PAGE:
69. The Venice Commission stresses that the Penal Code of Turkey and the special anti-terror legislation have several specific provisions which permit to combat inflammatory or seditious speech, propaganda of terrorism, and other similar “verbal act offences” (see, in particular, Articles 215, 216, 220 § 8, 217, 299, 300 and 301 of the Penal Code and Article 7 § 2 and Article 8 § 2 of the Anti-Terrorism Law no. 3713). Such verbal acts may be, in principle, legally reprehensible, and, in extremis, even criminally punishable.71 Still, a judge applying those specific provisions should be aware of their dimension under Article 10 of the ECHR. This awareness reduces the risk that acceptable forms of expression would be suppressed by means of the criminal law. By contrast, when the same publications are treated under the
67 See CDL-AD(2016)002, §§ 12 and 128
68 P. 9
69 See, for example, ECtHR, Gül and others v. Turkey, no. 4870/02, §§ 32 et seq., 8 July 2010; ECtHR, Yılmaz and Kılıç v. Turkey, no. 68514/01, §§ 54 et seq., 5 May 2013. See also, mutatis mutandis, the observations made by the Venice Commission in the Report on counter-terrorism measures and human rights (CDL-AD(2010)022), §§ 29 et seq.
70 CDL-AD(2016)002, § 107
71 The UN HRC states in this respect that “States parties should ensure that counter-terrorism measures are compatible with paragraph 3. Such offences as ‘encouragement of terrorism’ and ‘extremist activity’ as well as offences of ‘praising’, ‘glorifying’, or ‘justifying’ terrorism, should be clearly defined to ensure that they do not lead to unnecessary or disproportionate interference with freedom of expression. […] Journalists should not be penalized for carrying out their legitimate activities.” CCPR, General Comment No. 34, § 46.
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heading of “membership” of a terrorist organisation, “aiding and abetting” it, or acting “on behalf of” it, the risk of unjustified interference in the freedom of speech is much higher.72
70. In their later submissions the Government informed the Venice Commission that “in accordance with the paragraph of Article 7/4 of the Anti Terrorism Law No. 3713, added by the law No. 6459 dated 11.04.2013, being punished for propaganda alone is not deemed sufficient to constitute the crime of membership to an organization”. This clarification is important and the Turkish authorities have to ensure that this approach is also reflected in the practical application of the Penal Code, and that “verbal act offences” (related to different forms of expression of opinion) are clearly distinguished from the concepts of “membership” in illegal organisations, aiding and abetting terrorism etc.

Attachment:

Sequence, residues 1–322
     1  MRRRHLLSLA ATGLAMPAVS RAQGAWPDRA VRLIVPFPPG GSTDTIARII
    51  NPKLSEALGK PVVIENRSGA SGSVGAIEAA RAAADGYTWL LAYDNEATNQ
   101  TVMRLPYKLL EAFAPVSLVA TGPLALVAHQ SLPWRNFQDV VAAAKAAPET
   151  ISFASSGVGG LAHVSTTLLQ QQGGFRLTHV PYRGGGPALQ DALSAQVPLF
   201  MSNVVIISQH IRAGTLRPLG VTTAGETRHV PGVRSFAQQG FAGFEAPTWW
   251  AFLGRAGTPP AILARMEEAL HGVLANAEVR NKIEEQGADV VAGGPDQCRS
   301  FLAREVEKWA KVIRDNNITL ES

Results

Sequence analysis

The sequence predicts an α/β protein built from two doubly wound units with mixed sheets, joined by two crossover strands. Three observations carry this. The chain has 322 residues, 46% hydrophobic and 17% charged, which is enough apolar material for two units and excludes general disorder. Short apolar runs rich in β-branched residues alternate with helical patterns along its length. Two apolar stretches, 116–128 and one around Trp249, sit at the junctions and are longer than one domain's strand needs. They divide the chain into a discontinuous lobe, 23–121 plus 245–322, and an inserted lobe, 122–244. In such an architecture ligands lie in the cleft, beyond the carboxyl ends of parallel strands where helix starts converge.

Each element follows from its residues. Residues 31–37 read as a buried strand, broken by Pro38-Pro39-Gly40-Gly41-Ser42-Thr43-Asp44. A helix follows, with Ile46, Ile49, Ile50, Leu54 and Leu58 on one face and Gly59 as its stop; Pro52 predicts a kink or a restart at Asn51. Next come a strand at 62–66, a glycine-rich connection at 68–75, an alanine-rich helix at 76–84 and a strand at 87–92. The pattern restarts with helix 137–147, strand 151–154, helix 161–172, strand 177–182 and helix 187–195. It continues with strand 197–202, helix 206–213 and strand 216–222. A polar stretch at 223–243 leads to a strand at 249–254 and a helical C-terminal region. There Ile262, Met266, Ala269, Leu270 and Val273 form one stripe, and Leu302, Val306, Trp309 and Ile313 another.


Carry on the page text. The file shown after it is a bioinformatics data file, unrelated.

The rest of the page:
71. The Government also claimed that “despite being journalists, many people who had an armed conflict with the security forces, threw molotov cocktails to the police, slaughtered innocent people and planned terrorist activities, were identified along with the evidence”. Indeed, where a person who is a journalist by profession is involved in such acts, no Article 10 question arises, and such person may be legitimately prosecuted as a member of a terrorist organisation. However, the focus of the Venice Commission’s attention is not on those situations, but on the cases where the “membership” accusation is derived essentially from the substance of the publications of the person concerned.
72. The above does not mean that the Venice Commission uncritically approves the use of those specific provisions of the Penal Code which deal with “verbal act offences”. Some of them are dangerously vague (which may raise an issue under Article 7 of the ECHR) or set excessively high penalties. All criticism expressed in this regard in the Opinion on the Penal Code remains valid (see in particular §§ 125 et seq., on Articles 216, 29973 and 301). However, in the current context the first step to improve the situation with the journalistic freedom would be to construct the notion of “membership” very narrowly. Radical dissidents and fierce critics of the regime may be sanctioned for exceeding the limits of permissible speech, notwithstanding the little scope under Article 10 § 2 of the Convention for restrictions on political debate, but at least they should not be placed on the same footing with the members of terrorists groups.74 The Venice Commission thus considers that the “membership” concept (and alike) should not be applied to the journalists, where the only act imputed to them is the content of their publications.